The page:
Along with the Irish presidential election, a parliamentary by-election took place in Dublin West on 27 October which Ruth Coppinger of the Socialist Party Ireland contested.
Ruth secured 21.1% first preference votes and after transfers under the proportional representation system was only eliminated by the narrowest of margins. In fact her 9,873 votes were exactly tied, after a recount, with the Fianna Fáil candidate's vote but Ruth lost out under electoral law because her first preference votes were fractionally less.
Nevertheless, Ruth's vote surpassed Fine Gael's (the senior government coalition partner with Labour and a traditional capitalist party in Ireland) and Sinn Fein, which enjoyed media attention because of Martin McGuinness contesting the presidential election. Her vote also easily outweighed the Green Party's.
Labour's Patrick Nulty, held off the challenges from Ruth and Fianna Fáil. However, even though Fine Gael and Labour have been in power less than eight months, their combined vote slumped nearly 17%.
The Socialist Party ran a very vibrant political campaign. It succeeded in making the issue of hospital cuts and cuts to education the main local issues and provoked a major debate on the government's austerity measures and the alternative to them.
Ruth and Socialist Party TD [MP], Joe Higgins, along with staff at the hospital, had already established the Defend Blanchardstown Hospital Campaign which organised protests and debates before and during the campaign.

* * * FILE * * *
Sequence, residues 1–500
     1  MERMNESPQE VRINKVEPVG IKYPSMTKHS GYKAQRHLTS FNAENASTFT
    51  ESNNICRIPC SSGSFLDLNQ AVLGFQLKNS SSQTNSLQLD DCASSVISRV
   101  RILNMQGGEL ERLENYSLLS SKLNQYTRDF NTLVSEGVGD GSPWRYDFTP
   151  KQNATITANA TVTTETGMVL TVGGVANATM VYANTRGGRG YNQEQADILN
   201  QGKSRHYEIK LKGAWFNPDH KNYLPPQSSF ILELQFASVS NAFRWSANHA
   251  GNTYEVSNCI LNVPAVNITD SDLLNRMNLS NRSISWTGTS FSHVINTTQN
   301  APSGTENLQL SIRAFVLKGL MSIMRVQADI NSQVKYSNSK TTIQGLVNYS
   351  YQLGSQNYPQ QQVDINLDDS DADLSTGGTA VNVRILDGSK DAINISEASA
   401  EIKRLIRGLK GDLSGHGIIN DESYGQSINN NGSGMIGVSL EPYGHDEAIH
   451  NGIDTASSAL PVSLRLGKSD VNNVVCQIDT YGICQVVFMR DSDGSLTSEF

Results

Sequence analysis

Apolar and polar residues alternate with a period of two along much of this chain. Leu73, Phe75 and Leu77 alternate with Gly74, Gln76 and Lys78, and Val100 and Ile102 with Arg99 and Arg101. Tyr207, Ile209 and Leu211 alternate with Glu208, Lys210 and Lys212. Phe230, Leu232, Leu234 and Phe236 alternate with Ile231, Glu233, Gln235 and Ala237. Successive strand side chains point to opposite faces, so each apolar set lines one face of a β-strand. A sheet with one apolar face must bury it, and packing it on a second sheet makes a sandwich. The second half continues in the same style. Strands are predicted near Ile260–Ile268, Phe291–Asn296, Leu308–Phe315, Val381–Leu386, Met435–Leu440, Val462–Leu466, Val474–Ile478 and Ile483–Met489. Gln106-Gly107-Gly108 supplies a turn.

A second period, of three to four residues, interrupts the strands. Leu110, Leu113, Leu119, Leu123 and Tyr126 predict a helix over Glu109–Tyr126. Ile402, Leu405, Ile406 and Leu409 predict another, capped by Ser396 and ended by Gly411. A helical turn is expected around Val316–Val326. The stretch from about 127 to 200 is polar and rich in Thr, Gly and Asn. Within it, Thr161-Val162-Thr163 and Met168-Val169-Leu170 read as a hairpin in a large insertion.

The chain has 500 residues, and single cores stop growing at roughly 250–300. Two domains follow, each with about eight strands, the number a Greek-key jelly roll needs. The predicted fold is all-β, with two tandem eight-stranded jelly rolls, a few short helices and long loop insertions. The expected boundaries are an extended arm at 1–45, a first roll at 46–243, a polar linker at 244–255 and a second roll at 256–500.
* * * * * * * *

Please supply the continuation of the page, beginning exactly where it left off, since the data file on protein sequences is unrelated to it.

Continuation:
Ruth was also instrumental in setting up the Special Needs Assistants Parents Teachers campaign to fight against brutal and disgraceful cuts that hit children and young people with special needs.
While Ruth's campaign was able to undermine Labour and begin to catch them, this time, the by-election came a bit early, before sufficient numbers of the working and middle classes had moved decisively against Labour. Many people are still hoping against hope that there will be an economic recovery and that Labour will form some protection from the worst ravages of austerity.
Ruth was the United Left Alliance candidate, as well as representing the Socialist Party, and a significant layer of ULA activists put in a lot of work and added to the campaign.
In the presidential election (a largely ceremonial post that the Socialist Party believes should be abolished), Labour's Michael D Higgins was gifted the presidency by the implosion of 'independent' Sean Gallagher's campaign.
The entrepreneur, who had recently resigned from Fianna Fáil, fumbled and stumbled and wasn't able to satisfactorily answer accusations that he solicited donations from businessmen for Fianna Fáil's coffers.
In the absence of a candidate/campaign that called for resistance to austerity or advocated a consistent left or socialist position, the Socialist Party did not call for a vote for any of the presidential candidates.